This article will help you read and understand your pathology report for oligodendroglioma.
by Jane Barron, MD FRCPC, updated on January 30, 2019
The brain is an organ that is found within the skull. It is part of a system known as the central nervous system which includes the brain and spinal cord. The brain is divided into the cerebrum, cerebellum, and brainstem. The spinal cord is a long thin structure that sits in the spinal column at the back of the body. The spinal cord starts in the neck and ends in the lower back.
The brain and spinal cord are made up of specialized cells called glial cells and neurons. The glial cells are further divided into cells called astrocytes, oligodendrocytes, ependymal cells, and microglial.
Oligodendroglioma is a type of tumour that can start in the brain or spinal cord. It is made of abnormal oligodendrocytes. This tumor can occur at any age but most start in adults.
A biopsy is a surgical procedure that removes a small piece of tissue for examination by a pathologist. The purpose of a biopsy is to establish a diagnosis. A test called immunohistochemistry may be performed to confirm the diagnosis.
Tests results for isocitrate dehydrogenase (IDH) and 1p/19q co-deletion may also be included in your biopsy report.
Your doctors will use this information to plan treatment such as surgery and radiation therapy. Continue reading to learn more about the information found in this report.
After the tumour has been removed completely, it will be sent to a pathologist who will prepare another pathology report. This report will confirm or revise the original diagnosis. If additional immunohistochemical or molecular tests are performed, the results will be described in this report.
Pathologists use the word grade to describe how different the tumour cells in oligodendroglioma look compared the cells normally found in the brain or spinal cord. Brain and spinal cord tumors are given a WHO grade of I to IV.
For oligodendroglioma, the grade can only be determined after your pathologist has examined the tissue under the microscope.
Why is this important? According to the WHO, oligodendrogliomas can be given a grade of II or III. Another name for a grade III oligodendroglioma is anaplastic oligodendroglioma.
When viewed under a microscope, WHO grade II oligodendrogliomas have the following features:
When viewed under a microscope, WHO grade III oligodendrogliomas or anaplastic oligodendrogliomas have the following features:
Your pathologist may perform a test called immunohistochemistry which allows your pathologist to use specific markers to see the proteins being made by the tumour cells. If the tumour cells are making a protein, the result will be described as ‘positive’ or ‘reactive’.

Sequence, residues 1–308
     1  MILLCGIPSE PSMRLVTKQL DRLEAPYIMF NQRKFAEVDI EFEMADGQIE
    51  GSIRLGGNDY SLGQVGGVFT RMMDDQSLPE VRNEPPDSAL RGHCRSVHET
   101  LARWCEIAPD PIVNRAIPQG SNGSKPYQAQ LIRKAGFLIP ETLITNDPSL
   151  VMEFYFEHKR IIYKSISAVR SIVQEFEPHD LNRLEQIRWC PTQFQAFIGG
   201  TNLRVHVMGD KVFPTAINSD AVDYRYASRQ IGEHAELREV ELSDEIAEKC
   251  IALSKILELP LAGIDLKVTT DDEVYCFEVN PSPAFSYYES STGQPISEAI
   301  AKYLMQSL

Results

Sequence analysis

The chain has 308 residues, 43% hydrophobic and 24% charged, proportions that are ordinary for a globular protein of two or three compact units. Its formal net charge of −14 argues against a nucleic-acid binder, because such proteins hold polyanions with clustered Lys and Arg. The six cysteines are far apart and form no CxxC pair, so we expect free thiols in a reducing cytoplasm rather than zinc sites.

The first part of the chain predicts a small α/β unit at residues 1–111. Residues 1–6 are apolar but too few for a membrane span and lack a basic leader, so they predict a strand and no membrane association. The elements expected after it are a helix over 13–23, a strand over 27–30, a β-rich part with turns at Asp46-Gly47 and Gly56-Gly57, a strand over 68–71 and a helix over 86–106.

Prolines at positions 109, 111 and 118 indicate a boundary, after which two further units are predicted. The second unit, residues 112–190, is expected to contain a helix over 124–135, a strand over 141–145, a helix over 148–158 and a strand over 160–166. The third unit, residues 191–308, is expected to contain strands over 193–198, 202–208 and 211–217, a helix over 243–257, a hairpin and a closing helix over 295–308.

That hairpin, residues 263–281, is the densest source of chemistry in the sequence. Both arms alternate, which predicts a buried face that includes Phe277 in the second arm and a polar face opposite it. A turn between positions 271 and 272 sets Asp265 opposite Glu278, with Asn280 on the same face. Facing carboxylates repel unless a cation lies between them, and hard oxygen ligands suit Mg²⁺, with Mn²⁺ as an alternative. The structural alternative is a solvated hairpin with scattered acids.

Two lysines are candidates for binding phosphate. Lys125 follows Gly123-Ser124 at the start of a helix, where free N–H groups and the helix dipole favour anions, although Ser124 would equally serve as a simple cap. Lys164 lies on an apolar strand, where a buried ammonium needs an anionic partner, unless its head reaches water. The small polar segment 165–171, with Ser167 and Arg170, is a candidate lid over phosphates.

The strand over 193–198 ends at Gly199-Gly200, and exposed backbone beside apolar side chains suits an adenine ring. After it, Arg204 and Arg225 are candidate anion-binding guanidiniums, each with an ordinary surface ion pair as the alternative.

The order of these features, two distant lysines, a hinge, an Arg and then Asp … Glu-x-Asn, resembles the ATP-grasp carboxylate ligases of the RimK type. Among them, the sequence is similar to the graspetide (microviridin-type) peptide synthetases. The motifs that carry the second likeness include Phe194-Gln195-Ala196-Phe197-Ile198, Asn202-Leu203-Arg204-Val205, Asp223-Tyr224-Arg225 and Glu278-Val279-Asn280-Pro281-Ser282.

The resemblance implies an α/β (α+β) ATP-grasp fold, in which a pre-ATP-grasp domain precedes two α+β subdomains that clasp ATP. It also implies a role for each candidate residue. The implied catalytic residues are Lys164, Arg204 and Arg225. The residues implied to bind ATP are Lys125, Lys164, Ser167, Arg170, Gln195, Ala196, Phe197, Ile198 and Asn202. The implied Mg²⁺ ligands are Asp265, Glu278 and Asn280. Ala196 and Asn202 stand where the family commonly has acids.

There are no specific immunohistochemical tests for oligodendroglioma cells. However, most oligodendrogliomas will produce a protein called isocitrate dehydrogenase (IDH) and will test positive when immunohistochemistry for IDH is performed.
There are two forms of the IDH protein made by the genes IDH1 and IDH2. A genetic alteration, called a mutation, can occur in either of these genes which causes the cell to produce an abnormal IDH protein. Oligodendrogliomas that have a genetic alteration, a mutation, in IDH1 or IDH2, are called IDH-mutant.
There is an antibody available for IDH1 and most oligodendrogliomas will test positive for the IDH1 antibody but if this test is negative it does not rule out the possibility of a mutation. Further molecular testing, called DNA sequence analysis, will need to be performed to be certain if an IDH 1 or IDH 2 mutation is present.
Your pathologist may perform additional immunohistochemistry tests and oligodendrogliomas may be positive for other proteins such as MAP2, S100, LEU7, vimentin, and GFAP.
Each cell in your body contains a set of instructions that tell the cell how to behave. These instructions are written in a language called DNA and the instructions are stored on 46 chromosomes in each cell. Because the instructions are very long, they are broken up into sections called genes and each gene tells the cell how to produce piece of the machine called a protein.
Sometimes, a piece of DNA falls off a chromosome and is lost. Pathologists call this a deletion. When a deletion occurs, the cell can no longer produce proteins made from the genes on the lost piece of DNA.
Oligodendrogliomas have a deletion that involves two chromosomes. These chromosomes are chromosomes 1 and 19. Your pathologist can look for this deletion by using a test called fluorescence in situ hybridization (FISH). If the deletion is found, your report will say that the tumour shows a 1p19q co-deletion.
If the testing for a mutation in IDH and 1p19q co-deletion cannot be performed or the testing is inconclusive, but the tumor has the microscopic features of an oligodendroglioma, your pathologist will make the diagnosis of oligodendroglioma, not otherwise specified (NOS).